January 16, 2018

Leh- Beyond the Monasteries

When we speak of Leh what conjures up in our minds are lovely snow clad mountains, ancient monasteries and red robed monks.  However, Leh has more to it as it was an important centre on the trade route to Central Asia centuries ago and was the 17th century capital of the Namgyal empire when it ruled Ladakh. Though people come to Leh to visit the monasteries and understand more about Tibetan Buddhism, the city has over the years developed into a bustling one offering people a blend of both worlds. Beyond the surrounding monastery villages, Leh has ancient palaces, breathtaking landscapes and vibrant markets.

Perched atop a hillock, the 16th century Leh Palace overlooks the city of Leh. Built by Sengge Namgyal, the nine storeyed palace along the bank of river Indus is modeled on Potala Palace in Lhasa. Made of mud, wood and stone, the palace stands tall with wonderful wood carvings. While most of the rooms remain closed or are in a dilapidated state, the palace still holds a shrine and has a huge gallery of photographs from yesteryears on display. The palace also offers lovely vistas of the city and the distant mountains.

A short drive through the alleys of Leh leads to the beautiful Shanti Stupa atop a vantage point in Chanspa. Built in collaboration with Japanese assistance as a part of the Peace Pagoda mission, the foundation for the stupa was laid by H H Dalai Lama XIV in 1985. The gorgeous white structure is of great religious significance and holds relics of Buddha apart from numerous carvings from Buddhism depicting various characters and stories. The premise also has a couple of Buddhist temples and also offers panoramic views of the Zanskar mountains.

On the road to Thiksey monastery and by the highway, Shey palace looks attractive atop a hillock. Shey palace was one of the earlier homes of the royal family who later shifted to the palace in Leh. Built on similar lines like the Leh palace, the internal rooms of this 16th century palace are mostly in ruins. However, the palace enshrines a large copper glided statue of Buddha which is known as Dukhang. The interiors of the shrine are adorned with beautiful mural art. The premise also has the largest victory stupa in Ladakh which has its top purely made of gold.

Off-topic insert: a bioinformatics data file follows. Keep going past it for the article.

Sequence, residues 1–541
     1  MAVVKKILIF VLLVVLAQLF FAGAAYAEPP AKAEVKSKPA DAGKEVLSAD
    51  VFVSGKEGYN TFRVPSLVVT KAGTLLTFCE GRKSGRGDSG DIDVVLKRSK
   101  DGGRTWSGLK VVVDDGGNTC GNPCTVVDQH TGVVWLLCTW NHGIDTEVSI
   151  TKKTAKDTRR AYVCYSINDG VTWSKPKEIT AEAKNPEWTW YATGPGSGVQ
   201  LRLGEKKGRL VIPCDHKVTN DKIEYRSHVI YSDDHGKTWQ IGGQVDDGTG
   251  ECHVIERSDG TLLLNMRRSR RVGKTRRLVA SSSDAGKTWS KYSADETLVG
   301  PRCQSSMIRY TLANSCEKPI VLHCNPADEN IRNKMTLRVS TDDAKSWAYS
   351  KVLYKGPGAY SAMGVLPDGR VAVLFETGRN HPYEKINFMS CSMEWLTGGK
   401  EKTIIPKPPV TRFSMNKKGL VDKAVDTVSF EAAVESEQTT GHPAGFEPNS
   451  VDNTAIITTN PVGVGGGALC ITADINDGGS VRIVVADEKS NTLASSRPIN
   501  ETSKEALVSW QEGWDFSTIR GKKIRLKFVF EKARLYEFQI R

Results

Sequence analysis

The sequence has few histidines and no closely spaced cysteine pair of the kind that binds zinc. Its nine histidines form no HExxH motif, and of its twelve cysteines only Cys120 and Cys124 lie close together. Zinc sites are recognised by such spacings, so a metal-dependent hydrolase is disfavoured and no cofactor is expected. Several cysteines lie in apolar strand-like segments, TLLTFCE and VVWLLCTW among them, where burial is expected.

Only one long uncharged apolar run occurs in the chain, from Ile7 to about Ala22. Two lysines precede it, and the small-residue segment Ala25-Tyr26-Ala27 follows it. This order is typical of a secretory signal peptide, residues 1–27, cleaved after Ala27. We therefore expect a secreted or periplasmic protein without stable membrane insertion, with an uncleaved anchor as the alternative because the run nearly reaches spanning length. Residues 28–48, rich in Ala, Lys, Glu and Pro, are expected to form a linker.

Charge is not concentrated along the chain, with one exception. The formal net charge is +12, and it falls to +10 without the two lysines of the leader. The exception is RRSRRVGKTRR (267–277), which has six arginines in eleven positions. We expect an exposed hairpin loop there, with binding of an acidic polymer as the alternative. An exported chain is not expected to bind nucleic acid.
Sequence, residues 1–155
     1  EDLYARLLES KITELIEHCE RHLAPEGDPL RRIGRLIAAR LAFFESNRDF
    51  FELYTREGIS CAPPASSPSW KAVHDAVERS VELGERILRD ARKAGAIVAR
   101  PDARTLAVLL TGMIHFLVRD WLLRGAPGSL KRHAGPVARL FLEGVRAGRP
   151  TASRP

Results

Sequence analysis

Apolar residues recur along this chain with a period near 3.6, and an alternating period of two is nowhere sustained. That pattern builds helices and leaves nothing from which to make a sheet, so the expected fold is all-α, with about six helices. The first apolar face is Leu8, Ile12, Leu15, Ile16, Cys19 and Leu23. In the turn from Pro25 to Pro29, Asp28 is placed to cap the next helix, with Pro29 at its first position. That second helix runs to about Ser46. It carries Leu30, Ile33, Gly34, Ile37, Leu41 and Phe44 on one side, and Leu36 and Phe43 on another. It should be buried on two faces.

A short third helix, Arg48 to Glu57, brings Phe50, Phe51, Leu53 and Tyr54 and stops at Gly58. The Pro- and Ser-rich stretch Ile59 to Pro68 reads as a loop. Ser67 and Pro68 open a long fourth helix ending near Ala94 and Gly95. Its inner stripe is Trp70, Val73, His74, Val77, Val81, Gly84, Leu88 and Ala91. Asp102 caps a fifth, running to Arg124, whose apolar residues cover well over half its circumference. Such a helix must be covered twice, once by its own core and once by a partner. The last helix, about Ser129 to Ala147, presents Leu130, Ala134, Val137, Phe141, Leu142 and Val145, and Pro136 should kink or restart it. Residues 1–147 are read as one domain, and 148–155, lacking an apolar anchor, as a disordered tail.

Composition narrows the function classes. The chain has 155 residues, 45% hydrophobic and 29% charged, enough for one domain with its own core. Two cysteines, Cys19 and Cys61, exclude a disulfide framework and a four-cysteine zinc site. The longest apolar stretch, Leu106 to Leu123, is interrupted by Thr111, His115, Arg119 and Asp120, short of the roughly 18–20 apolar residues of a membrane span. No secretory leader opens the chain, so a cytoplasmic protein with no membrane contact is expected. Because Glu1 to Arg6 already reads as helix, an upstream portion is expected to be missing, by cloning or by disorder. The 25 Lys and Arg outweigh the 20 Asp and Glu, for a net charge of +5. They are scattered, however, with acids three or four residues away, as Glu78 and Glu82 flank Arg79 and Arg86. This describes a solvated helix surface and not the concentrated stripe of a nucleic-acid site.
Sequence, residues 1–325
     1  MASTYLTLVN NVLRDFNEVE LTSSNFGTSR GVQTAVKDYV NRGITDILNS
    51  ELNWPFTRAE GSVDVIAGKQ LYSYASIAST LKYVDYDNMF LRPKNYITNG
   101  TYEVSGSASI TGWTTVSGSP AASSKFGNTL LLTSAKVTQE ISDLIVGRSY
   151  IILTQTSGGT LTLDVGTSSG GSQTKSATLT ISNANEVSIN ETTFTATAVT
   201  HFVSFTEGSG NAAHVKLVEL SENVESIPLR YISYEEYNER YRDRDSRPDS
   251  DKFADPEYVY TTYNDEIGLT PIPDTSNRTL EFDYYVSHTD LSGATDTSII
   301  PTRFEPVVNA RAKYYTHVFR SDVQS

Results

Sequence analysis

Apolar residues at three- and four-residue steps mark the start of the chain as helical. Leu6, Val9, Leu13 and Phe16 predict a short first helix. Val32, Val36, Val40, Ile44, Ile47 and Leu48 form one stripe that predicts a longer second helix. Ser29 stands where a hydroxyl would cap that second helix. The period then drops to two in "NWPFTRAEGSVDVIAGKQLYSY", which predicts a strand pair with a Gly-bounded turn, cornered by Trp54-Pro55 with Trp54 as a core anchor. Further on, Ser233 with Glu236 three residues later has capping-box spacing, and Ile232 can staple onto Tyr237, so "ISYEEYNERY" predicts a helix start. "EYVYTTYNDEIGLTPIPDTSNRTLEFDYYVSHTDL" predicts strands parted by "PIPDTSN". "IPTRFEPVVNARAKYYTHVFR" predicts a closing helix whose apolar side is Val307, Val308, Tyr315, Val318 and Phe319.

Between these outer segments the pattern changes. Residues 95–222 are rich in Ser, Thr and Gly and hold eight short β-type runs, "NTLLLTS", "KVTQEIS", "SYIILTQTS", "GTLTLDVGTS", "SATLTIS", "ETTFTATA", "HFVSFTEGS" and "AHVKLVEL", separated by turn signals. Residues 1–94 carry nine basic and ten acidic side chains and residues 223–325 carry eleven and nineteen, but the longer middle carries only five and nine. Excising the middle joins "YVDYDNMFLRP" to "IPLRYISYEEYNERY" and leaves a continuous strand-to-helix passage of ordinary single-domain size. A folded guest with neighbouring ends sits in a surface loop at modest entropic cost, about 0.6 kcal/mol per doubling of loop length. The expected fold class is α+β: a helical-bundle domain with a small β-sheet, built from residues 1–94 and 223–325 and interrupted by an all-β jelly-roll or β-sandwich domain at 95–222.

Tucked away from the bustle of Leh, Stok palace has been home to the Ladakhi royal family after the Dogra invasion. The brightly coloured palace is probably the most well maintained one in Leh. The beautiful façade and the open courtyard with lovely views of the surroundings add to the charm of the palace. However, with many private rooms which are still occupied by the royal family, the palace is more of a museum with a large display of royal paraphernalia. Apart from artefacts, utensils, armoury and royal attires, the museum also has a huge collection of photographs of the royal family. The museum is a great insight into the life of the erstwhile royal family of Ladakh.

Located near the airport, Hall of Fame is a museum which has extensive detailing of wars, display of ammunition and various war artefacts. The museum is also dedicated in memory of all the Indian soldiers who lost their life during Indo-Pak wars over the years.  It has a huge war memorial with a parade and a flag ceremony at 6 PM followed by a video screening of snippets from various wars. Hall of Fame also has a section dedicated to Ladakh with information regarding their history, culture, festivals etc.  A couple of kilometers away from Hall of Fame is the mud fort of General Zorawar built a couple of centuries ago.

Situated on the Leh- Kargil road, Pathar Sahib Gurudwara is a 16th century gurudwara which was built to commemorate the visit of Guru Nanak to Ladakh. The gurudwara gets its name from the fact that there a stone shrine in the shape of the Guru. Visitors can have langar here.

Ladakh is fed by rivers such as Indus, Zanskar and Shyok which meander through the mountains for thousands of kilometers and also form an integral part of the life of Ladakhis. The aerial view of the confluence of Indus and Zanskar near Leh is a beautiful sight. The place also offers adventure activities such as rafting.

The vibrant Leh market is a colourful one with a wide range of things for sale. From junk jewellery to local attires to artefacts to fruits, Leh market has a plethora of titems to keep the shopping buff excited. The place also has a couple of restaurants that serve authentic Ladakhi and Tibetan cuisine. It is well recommended to take a stroll through the market in the evening.


Leh is well connected to other major cities of India by flights. The road to Leh from Manali remains open only from June to October. There are regular buses and shared taxis plying during those months.

Food and Accommodation:

There are numerous restaurants serving Ladakhi, Tibetan and North Indian cuisine in the city. For the local cuisine, Amdo restaurant in Leh market is recommended. There are hostels, guest houses and hotels in Leh city catering to all budgets. I stayed at Hostelavie.


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